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Wednesday, March 11, 2015

Study Spotlight: The Layer Concept in Evaluating Hip Pain


The Layer Concept-Utilization in Determining the Pain Generators Pathology and How Structure Determines Treatment

Injuries occurring in the hip have become more prominent in the sports medicine world as of late.  The debate occurs on if injuries to this area are more common or if our sensitivity to these injuries has been enhanced.  While diagnosing hip injuries has increased it is still a difficult area to asses due to the phenomenal amount of structures that surround this hip allowing for is superior stability while also allowing for an equally impressive range of motion when free from restriction and injury.

This article was written by Peter Draovitch who is considered a leader in hip rehabilitation.  He discusses in this article the Four Layers he uses when assessing a hip and following up with their rehab protocol.  Four layers are discussed: Layer I, the osseus layer, Layer II, the inert tissue layer, Layer III, the contractile layer and Layer IV, the neuromechanical layer.

Diagnostic testing for identifying osseous, inert and soft tissue hip pathology has included x-ray, MRI, CT Scan, delayed gadolinium enhanced MRI of cartilage (dGERMIC) studies, diagnostic injection and clinical special tests.  While effective these diagnostic tests aren't always perfect alone and may need to be used in combination to reach final diagnosis.


The Layer Concept

Mr. Draovitch discusses the greater scope of mechanics that are involved in hip function and cautions to not focus on the hip solely.  Understanding any compensatory movement patterns that might affect the ability of the hip to function in its full capacity is vital to the evaluation process as you try and establish the root cause of the issue.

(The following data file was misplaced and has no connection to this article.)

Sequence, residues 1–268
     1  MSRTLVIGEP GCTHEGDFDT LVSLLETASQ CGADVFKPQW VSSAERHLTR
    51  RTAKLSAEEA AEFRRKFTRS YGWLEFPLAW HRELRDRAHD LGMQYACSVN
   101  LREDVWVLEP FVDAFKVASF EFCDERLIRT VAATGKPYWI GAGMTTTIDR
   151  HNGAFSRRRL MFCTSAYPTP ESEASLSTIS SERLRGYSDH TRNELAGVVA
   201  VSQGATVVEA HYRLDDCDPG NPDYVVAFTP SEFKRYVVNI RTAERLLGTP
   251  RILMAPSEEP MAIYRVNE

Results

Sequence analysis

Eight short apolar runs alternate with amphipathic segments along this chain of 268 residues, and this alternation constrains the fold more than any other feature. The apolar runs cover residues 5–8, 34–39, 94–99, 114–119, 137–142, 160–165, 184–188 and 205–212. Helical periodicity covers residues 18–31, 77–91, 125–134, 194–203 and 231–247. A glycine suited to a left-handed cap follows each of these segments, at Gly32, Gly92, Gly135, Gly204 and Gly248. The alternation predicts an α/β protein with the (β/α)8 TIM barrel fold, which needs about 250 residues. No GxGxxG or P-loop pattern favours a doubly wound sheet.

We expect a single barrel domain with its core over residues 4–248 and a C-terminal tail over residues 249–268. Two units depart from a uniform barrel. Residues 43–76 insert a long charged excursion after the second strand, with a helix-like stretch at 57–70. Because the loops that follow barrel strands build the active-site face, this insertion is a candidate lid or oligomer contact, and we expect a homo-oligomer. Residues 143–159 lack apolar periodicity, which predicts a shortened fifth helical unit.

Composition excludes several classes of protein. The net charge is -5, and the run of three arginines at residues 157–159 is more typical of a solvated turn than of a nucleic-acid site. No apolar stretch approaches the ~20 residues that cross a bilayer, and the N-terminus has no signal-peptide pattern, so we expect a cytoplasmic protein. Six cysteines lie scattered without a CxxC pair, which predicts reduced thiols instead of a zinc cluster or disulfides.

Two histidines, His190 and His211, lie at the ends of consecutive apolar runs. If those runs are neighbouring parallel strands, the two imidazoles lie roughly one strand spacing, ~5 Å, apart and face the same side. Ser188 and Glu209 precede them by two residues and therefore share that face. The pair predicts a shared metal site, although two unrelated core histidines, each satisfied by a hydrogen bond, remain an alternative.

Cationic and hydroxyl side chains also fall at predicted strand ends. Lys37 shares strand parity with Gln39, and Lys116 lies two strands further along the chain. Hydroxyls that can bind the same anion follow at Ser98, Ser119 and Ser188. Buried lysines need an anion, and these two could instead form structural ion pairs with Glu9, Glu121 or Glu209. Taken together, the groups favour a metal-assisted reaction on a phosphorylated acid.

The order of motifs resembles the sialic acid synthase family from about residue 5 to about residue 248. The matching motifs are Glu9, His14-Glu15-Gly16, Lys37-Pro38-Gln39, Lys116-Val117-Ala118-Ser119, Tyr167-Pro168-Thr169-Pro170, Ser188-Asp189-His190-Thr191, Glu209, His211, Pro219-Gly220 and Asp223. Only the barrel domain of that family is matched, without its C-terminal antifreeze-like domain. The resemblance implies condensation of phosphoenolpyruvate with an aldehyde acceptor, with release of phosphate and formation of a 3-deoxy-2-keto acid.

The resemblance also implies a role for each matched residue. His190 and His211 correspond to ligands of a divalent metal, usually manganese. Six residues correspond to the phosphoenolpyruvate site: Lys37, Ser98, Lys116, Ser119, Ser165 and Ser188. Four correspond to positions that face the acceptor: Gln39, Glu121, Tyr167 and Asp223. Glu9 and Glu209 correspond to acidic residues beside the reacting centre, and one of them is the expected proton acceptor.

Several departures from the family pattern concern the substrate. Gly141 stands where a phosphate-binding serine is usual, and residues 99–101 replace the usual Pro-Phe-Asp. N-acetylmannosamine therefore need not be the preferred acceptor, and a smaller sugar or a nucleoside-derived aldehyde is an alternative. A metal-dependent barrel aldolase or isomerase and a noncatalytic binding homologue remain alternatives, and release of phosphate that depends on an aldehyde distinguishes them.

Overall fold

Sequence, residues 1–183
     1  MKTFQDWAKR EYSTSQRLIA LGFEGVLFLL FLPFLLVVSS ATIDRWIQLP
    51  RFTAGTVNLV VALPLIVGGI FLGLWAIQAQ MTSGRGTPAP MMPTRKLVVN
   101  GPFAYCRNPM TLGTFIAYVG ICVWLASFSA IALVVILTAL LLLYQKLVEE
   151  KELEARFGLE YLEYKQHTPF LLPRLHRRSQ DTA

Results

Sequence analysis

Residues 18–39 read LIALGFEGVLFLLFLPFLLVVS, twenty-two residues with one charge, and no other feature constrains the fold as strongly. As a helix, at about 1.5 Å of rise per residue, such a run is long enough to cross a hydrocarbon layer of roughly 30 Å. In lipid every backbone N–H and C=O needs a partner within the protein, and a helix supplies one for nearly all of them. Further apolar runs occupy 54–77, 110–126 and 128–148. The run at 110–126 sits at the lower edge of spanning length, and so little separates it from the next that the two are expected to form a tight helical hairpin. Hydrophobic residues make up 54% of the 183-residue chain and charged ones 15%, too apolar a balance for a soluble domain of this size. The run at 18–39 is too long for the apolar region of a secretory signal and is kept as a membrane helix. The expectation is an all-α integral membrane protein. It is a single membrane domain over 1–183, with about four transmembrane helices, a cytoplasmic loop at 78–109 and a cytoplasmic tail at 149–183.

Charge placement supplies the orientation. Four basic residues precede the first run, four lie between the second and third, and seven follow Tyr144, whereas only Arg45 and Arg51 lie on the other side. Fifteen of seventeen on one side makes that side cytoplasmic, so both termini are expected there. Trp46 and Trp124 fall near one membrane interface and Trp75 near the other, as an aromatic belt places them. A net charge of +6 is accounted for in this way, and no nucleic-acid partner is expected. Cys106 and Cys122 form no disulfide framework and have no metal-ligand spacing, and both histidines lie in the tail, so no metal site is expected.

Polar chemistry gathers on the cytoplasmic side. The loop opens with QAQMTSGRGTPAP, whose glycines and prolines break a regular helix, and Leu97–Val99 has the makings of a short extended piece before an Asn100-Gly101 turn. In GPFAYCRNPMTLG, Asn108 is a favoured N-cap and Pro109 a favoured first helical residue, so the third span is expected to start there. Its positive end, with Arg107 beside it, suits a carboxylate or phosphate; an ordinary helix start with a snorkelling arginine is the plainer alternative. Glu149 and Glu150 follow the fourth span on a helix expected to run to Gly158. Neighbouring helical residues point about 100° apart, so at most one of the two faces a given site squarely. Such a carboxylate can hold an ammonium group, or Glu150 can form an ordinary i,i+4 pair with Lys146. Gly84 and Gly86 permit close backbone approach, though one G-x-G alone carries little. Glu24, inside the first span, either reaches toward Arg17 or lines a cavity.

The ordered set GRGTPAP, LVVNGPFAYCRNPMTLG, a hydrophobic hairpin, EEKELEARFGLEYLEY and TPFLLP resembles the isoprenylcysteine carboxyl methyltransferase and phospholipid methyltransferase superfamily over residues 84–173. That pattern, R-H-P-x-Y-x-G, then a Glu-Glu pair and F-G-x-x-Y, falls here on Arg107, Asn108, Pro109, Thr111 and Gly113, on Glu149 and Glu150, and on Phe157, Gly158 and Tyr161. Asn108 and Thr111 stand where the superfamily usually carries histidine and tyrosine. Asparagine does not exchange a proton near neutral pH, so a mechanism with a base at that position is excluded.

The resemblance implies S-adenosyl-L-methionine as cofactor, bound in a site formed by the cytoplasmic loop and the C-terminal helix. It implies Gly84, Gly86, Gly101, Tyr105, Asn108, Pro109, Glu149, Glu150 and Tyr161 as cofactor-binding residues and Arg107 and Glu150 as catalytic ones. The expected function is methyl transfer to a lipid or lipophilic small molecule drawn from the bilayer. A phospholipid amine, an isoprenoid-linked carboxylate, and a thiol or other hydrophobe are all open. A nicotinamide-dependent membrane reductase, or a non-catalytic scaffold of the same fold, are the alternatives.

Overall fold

See more for how to assess below:


His recommendation therefore it to follow a functional movement exam and a spine screening (Layer IV) and then progress to the clinical exam of the hip beginning from Layer I and moving out toward Layer III.  A series of special tests may be used in examining the layers (See Table Below).  Draovitch then advises that treatment, however, begins from Layer IV and progresses in toward Layer I.  The kinematic chain must be addressed if a dysfunction is identified.  There is a need to look at if myofascial restrictions are present and if they are muscle tightness (adaptive shortening) versus tone (protective or myotomally driven) and how that will correspond to the correct treatment.  He suggests that muscle tightness may be differentiated from tone by noting if there is a palpable restriction at the end range of tissue length or if there is resistance to movement of the tissue throughout its length.

Along with these specific areas of focus we must remember to look at lumbo/pelvic motion and organization to rule out a great issue that is presenting its problem at the hip.  Assessing this more general area will allow for more global problems to be addressed and the greater motor control issues to be corrected.

Take Away:
A hip injury can be extremely frustrating to assess and eventually diagnose.  This study breaks it down to look at Layers within the hip to help specify which layer might be the problematic one.  This is a great guide to start with if you aren't able to get to the diagnostic imaging immediately.

Special Test for the Layer System

The Layer Concept utilization in determining the pain generators pathology and how structure determines treatment
Peter Draovitch
Curr Rev Musculoskelet Med (2012) 5: 1-8


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